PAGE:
Rutgers has recently joined the Menus of Change University Research Consortium, a select group of 40-plus universities that collaborate on best practices and research. Their goal? Choosing foods and creating menus that marry health, sustainability and culinary insight. Since Rutgers has been conducting surveys and research in its dining halls for years, this exclusive membership was an excellent fit. Here are just some of the research projects guided by Menus of Change principles and affecting true change in Rutgers dining halls:
Understanding the common misconceptions students have about health and nutrition helps to guide Policastro’s education and outreach initiatives. So surveying the students is an invaluable tool. One survey was designed to find out whether students’ fruit deficiency stems from the fact that they pass on certain types, like canned or frozen fruits. After surveying student perceptions on fresh, frozen, and canned fruit, Policastro found that students perceive fresh fruits to be better in terms of taste, nutrition, and freshness—though, that’s not always the case. Another survey, centered on sugar content, asked students to rank the nutritional values of breakfast cereals. They weren’t always on the nose. By going right to the students with these types of questions, Policastro can see where the most education is needed and raise awareness accordingly.
Findings out of Stanford University showed that how you label a vegetable in the dining hall impacts its popularity among students. As it turns out, calling out nutritional value isn’t as motivating as providing a sensory-rich description that calls out texture or taste. Policastro wondered if the same could be said for a universally beloved dessert like chocolate cake.
Three descriptions were employed: a generic, a sensory-rich, and a nutrition description revealing the fat and caloric content. Would the students be interested in a smaller size of cake if the description was sensory-rich? “Yes,” says Policastro. “Students were just as willing to pay for a small piece of cake as a large one, if it’s marketed with a sensory description.” Ultimately, this kind of research can help Dining Services encourage better food choices, just by changing the ways they market a menu item.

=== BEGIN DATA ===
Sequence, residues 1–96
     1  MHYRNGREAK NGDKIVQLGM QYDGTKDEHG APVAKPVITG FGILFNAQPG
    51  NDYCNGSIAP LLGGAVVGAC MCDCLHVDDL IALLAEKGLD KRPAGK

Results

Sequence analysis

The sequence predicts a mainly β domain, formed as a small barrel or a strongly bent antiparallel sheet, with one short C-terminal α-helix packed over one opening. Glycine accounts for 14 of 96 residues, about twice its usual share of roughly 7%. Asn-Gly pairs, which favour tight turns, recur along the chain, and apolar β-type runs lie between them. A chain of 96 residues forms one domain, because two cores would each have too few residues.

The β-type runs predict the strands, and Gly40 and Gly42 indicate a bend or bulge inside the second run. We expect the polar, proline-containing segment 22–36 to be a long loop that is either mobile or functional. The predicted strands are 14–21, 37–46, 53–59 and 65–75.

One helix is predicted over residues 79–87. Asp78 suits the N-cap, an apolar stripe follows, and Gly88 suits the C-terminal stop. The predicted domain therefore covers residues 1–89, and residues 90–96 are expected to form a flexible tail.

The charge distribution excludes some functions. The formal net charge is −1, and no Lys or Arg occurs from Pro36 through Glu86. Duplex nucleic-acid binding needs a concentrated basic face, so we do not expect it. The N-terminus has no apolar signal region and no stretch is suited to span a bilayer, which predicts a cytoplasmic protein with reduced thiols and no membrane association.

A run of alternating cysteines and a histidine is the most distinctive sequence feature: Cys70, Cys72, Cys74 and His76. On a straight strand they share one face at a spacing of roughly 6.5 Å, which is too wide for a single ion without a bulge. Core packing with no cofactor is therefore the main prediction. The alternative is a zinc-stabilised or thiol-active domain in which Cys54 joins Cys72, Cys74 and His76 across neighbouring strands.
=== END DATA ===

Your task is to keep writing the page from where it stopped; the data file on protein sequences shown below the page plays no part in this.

The Power of Suggestion: Remember when fast food restaurants asked customers if they would like to super-size their order? Policastro wanted to know if the reverse was also true: would students lighten up their order if prompted? So she took to the Dunkin’ Donuts on Livingston Campus. Anytime someone ordered a latte, the person taking their order would ask if they would like to order a light version instead. When she examined the numbers, sales of light offerings drastically increased over the course of the study—and beyond. Considering that the light latte has 200 fewer calories than the regular, this represents a significant reduction in calories over time. In the end, the new foods in the dining hall and the way the team approaches nutrition are all part of a nationwide shift that Charette doesn’t see changing anytime soon. “I’ve been at Rutgers for 28 years, and I’ve seen a lot of trends come and go,” he says. “Today, America is finally changing the way it’s going to be eating, and that’s reflected in our students’ preferences—and in what we serve them.
Cupanion: Rutgers’ Reusable Bottle Program
A Cupanion bottle is a 16-oz. stainless steel bottle that can be used for both hot and cold beverages. The Rutgers University Student Assembly and The Daily Targum collaborated with Rutgers Dining Services on this new, innovative, sustainable way of handling takeout beverages by encouraging students to use reusable bottles, cutting down the waste of cups, lids, and straws.
Any student with a meal plan receives one during their first takeout meal at Brower Commons, Busch Dining Hall, Livingston Dining Commons, and Neilson Dining Hall, one bottle per student.
With each use, students scan the barcode with the Cupanion Barcode App to received points. Points can be earned to win gift cards to Amazon, Starbucks, and more!
As one of the largest university dining services departments in the nation, sustainability initiatives in Rutgers’ dining halls make a big impact. Here are just some of Dining Services’ eco-friendly initiatives:
Pulping food waste:
All the food waste in all the dining halls is pulped, reducing its overall volume by about 80 percent. Then, a local farmer picks up the pulp six times per week, to feed to his livestock. This saves countless tons of food from arriving in landfills.
At Harvest, all organic waste is fed into an aerobic digester, which liquefies it so it can be run down the drain instead of going to the landfill. In addition to Harvest, aerobic digesters can be found at the Neilson Dining Hall and Henry’s Diner, an eatery on the Livingston campus.
At Rutgers Dining Services, produce that’s in season in New Jersey must come from New Jersey. Local produce uses fewer resources to get to campus, helps the local economy, maintains open space, and provides students with fruits and vegetables at the peak of nutrition. All of the milk and chicken served at Rutgers is local, as is 80 percent of its pork and beef. Greenhouses on the corner of Dudley Road and College Farm Road provide wheatgrass and other greens, while the Student Farm at Rutgers Gardens provides produce for Harvest.